Bruce Lasky (JD 91) A long and winding road

By Jim Hellegaard

Villagers from Pursat Cambodia, with Bruce Lasky (center with khmer scarf), legal fellow intern Adela Acotkova (in beanie and red blouse) from the Czech Republic where she is now a judge, and David Pred (in light blue shirt), the executive director of BAB-Cambodia.

Villagers from Pursat Cambodia, with Bruce Lasky (center with khmer scarf), legal fellow intern Adela Acotkova (in beanie and red blouse) from the Czech Republic where she is now a judge, and David Pred (in light blue shirt), the executive director of BAB-Cambodia.

Bruce Lasky (JD 91) was on a journey, but he didn’t know where he was going. So, he did what any smart young man would do. He called his mom.

His call home came after a year of backpacking and volunteering through Southeast Asia. In Pembroke Pines, Florida, a world away from Bangkok, Thailand, that autumn of 2000, his mother, Sylvia, answered his call with a request — one that would help point him in the right direction.

“She asked if I could find two underprivileged kids for her to sponsor,” Lasky said. “She didn’t care where they were, but she wanted me to find a family and maybe give money directly to that family, not an organization.”

Sylvia Lasky soon received an envelope with photos of 65 children. “I called her and she’s like, ‘I’ve got 65 photos. I asked for two kids.’ So, I said, ‘All right, we just need to find more sponsors.’”

From the meager $800 he raised through e-mails to family and friends, Lasky started a village development and educational project that grew into Sustainable Cambodia. The organization reflected his mother’s idea of guaranteeing donors that 100 percent of their gifts would be spent on children and communities, rather than on international administrative fees.

After a long battle, Sylvia became seriously ill with cancer and Lasky returned to the U.S. to be with her. She passed away not long after his return.

While at home, Lasky met David Pred and Carol Mosley. The three began an independent organization named Bridges Across Borders, a sister organization to Sustainable Cambodia that became a grassroots international organization focusing on the belief that peace, sustainable development and human rights are interdependent and interrelated.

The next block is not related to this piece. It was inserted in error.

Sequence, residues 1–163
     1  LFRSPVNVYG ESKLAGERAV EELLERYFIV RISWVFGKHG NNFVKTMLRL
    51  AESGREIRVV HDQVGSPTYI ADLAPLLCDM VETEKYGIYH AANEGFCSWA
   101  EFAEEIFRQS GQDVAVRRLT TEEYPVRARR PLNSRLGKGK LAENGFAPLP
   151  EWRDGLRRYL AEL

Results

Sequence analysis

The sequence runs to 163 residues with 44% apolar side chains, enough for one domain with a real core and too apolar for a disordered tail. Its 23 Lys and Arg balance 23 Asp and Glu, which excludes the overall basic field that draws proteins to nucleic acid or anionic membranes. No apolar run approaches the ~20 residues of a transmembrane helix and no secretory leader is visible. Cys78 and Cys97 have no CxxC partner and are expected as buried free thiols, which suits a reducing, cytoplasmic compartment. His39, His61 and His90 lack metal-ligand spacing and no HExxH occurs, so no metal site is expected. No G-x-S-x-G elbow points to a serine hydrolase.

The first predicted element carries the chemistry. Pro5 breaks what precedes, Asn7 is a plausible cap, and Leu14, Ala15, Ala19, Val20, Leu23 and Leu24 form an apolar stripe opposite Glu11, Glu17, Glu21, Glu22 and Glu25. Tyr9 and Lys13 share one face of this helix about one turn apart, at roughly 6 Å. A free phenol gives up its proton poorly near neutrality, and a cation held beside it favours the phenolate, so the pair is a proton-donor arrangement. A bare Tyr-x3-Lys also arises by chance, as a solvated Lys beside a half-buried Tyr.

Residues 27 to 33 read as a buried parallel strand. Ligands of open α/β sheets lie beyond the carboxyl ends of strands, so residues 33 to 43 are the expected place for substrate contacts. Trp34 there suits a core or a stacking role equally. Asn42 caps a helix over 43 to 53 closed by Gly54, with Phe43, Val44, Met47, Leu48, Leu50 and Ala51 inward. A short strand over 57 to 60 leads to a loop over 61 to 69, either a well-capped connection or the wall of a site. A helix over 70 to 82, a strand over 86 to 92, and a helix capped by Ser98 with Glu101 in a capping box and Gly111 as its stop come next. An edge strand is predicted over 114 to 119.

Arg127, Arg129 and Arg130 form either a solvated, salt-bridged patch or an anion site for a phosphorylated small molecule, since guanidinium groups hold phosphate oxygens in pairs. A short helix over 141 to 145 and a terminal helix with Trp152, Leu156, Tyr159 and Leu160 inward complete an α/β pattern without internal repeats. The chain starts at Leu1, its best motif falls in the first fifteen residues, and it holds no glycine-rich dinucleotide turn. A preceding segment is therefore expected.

Lasky helps oversee the work of Sustainable Cambodia and is the director of Bridges Across Borders Southeast Asia Community Legal Education Initiative (BABSEA CLE). As an adjunct professor of law at Chiang Mai University in Thailand, Lasky assists in strengthening the university’s Clinical Legal Education program, which BABSEA CLE supports. Lasky said BABSEA CLE and Sustainable Cambodia take holistic approaches based upon the understanding that bringing sustainability and justice to communities requires tackling a variety of problems and issues.

BABSEA CLE aims to empower vulnerable and under-served communities by creating and strengthening sustainable legal and human rights education and access to justice programs worldwide. This is accomplished by working globally to connect people, organizations, and resources through social justice focused community and clinical legal education programs.

In honor of his mother’s idea of helping children, Sustainable Cambodia established The Sylvia Lasky School in Pursat, Cambodia, offering instruction in math, science, computers, history, geography, English and human rights. Job skills training, micro-credit small business loans, alternative agriculture initiatives and an animal husbandry program are also provided. The organization also helps to develop water wells in Pursat, where residents previously relied on water collected in cisterns during the rainy season. The wells are used to irrigate the alternative agriculture systems the organization has set up in the village.

A decade has passed since Lasky left Gainesville and set out on his journey. He thinks his mother would be proud of his work.

“That’s a driving force. And I think that’s really important,” Lasky said. “It’s not, in that sense, losing her —  you know, if she were still alive she probably would be telling me to get a more traditional job at this point, because she was a Jewish mother.”

“But I believe that she would be happy to know that we’re out there doing what we’re doing,” he said.